Today we hiked through town and across the Arno river to Piazzale Michelangelo high in the hillside with an amazing view of Florence. On the way we stopped at my favorite Florence church, Santa Croce (Holy Cross) which I will post about separately.
We had hiked up those stairs to the top 10 years ago and the boys still painfully remember it! The usual tourists and locals were admiring the view. There is a copy of “David” up there but few pay much attention to it as the view is spectacular.
Back then, we couldn’t afford to take all five of us to a sit-down cappuccino bar but today Mei Li and I did, although at a more set back shop rather than the front and center extravagant and twice as expensive place. I had my cream filled croissant with cappuccino and she tried the cherry gelato. Did I say it was awesome? And far cheaper than Starbucks or Caribou back home.
Though an amazing city, Florence is a relative newcomer in the area. After the walk back and a rest stop at the apartment, we took a city bus about 5 miles up to a Hutchinson-sized town, Fiesole, that predates Florence. Historians say fiesole was probably founded in the 9th-8th century BC, not long after the time of David. It was an important town, shown by the remains of its ancient walls.
In 283 BC this town, known as Faesulae, was conquered by Rome. Fiesole in 406 was the scene of the Roman victory over the ‘barbarian’ Vandal and Suebi hordes from the north more by depriving them of food sources than in battles. During another war against the ‘barbarian’ Goths in 536-53, the town was several times besieged. In 539 Justinus, the Byzantine general, captured it and tore down its fortress.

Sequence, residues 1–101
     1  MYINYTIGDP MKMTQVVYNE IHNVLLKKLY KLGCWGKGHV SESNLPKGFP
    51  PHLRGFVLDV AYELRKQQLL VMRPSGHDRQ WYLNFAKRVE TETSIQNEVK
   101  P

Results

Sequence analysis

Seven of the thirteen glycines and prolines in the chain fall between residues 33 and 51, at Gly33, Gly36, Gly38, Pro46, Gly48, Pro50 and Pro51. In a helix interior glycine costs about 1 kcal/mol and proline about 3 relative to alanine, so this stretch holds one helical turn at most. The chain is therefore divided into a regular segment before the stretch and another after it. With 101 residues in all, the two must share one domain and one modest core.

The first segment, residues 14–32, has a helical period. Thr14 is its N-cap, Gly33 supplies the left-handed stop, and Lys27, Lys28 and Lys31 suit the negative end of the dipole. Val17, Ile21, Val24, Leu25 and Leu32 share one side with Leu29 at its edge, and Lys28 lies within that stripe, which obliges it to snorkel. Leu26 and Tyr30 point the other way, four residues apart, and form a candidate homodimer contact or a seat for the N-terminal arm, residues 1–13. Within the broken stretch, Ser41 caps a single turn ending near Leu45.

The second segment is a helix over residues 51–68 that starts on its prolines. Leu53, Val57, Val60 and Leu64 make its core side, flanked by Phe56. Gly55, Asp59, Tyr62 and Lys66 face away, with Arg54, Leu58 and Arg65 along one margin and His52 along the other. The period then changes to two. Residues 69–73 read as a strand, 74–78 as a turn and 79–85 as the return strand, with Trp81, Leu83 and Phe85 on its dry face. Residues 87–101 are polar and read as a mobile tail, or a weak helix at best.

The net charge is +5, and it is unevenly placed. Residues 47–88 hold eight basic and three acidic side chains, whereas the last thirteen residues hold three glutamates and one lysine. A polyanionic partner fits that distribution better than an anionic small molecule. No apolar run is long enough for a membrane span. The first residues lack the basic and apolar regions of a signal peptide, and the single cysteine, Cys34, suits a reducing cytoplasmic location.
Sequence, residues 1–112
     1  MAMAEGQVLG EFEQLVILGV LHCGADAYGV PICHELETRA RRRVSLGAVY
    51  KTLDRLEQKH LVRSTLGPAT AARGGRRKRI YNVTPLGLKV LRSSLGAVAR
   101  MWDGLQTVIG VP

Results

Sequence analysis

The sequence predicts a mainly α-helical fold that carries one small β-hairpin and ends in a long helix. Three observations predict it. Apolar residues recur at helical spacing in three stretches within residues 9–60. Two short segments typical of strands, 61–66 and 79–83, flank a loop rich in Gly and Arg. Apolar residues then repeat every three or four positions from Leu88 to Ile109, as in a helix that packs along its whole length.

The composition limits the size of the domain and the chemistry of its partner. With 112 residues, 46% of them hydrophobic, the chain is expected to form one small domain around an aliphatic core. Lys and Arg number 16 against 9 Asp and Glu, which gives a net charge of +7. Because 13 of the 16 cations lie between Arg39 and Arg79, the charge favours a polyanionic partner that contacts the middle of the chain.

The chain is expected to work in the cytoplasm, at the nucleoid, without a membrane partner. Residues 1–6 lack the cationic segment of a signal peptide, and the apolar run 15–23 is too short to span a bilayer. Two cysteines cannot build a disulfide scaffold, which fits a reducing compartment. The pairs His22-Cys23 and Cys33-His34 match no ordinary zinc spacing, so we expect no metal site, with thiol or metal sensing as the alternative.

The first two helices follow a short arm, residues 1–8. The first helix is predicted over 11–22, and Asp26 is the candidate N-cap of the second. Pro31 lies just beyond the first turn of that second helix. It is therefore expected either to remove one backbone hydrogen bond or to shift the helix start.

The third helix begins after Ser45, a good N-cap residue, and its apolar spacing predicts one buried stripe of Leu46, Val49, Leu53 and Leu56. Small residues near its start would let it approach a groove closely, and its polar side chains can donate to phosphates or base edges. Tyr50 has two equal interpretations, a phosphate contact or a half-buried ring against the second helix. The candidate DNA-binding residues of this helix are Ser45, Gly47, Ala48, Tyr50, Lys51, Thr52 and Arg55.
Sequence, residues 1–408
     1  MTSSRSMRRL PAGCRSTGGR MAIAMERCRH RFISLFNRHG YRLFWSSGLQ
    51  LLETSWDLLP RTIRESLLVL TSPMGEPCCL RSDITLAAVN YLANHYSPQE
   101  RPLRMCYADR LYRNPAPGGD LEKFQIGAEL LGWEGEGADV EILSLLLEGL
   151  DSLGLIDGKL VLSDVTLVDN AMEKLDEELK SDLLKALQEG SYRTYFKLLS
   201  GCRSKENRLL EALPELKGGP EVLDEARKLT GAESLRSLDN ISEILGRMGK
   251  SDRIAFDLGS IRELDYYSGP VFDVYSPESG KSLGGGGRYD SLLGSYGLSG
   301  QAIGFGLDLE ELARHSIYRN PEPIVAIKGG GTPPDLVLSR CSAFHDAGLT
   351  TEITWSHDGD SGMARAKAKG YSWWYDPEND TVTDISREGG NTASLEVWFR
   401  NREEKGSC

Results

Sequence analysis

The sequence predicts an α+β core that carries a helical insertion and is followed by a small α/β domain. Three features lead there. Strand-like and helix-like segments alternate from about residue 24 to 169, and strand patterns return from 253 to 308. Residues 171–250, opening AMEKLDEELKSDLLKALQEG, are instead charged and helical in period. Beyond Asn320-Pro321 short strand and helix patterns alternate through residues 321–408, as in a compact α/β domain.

Under Roman rule, Fiesole had a famous school of “augurs,” and every year twelve young men were sent here from Rome to study the ‘art’ of divination. Rome typically drew heavily on the Etruscans for priests and augurs.
In the early Middle Ages, Fiesole was more powerful than Florence down in the valley below, and there were many wars between them. In 1010 and 1025 Fiesole was overtaken by Florence, and its leading families were forced to move to Florence.
Christianity was introduced to Fiesole by St. Romulus, a disciple of St. Peter. The fact that the ancient cathedral (now the Abbazia Fiesolana) stands outside the city is a evidence that the Christian origins of Fiesole date from the period of the persecution of the Church by Rome. The earliest mention of a Bishop of Fiesole is in the late 5th century and early 6th century.
Local tradition says Christianity was brought to Fiesole in the second century by Romulus, said to be a disciple of Peter. Romulus was apparently martyred by Domitian along with four companions: Carissimus, Dulcissimus, Marchis(i)anus, and Crescentius. In any case, the original duomo stood outside the city walls, suggesting that Christianity started here during persecution of the Church by Rome.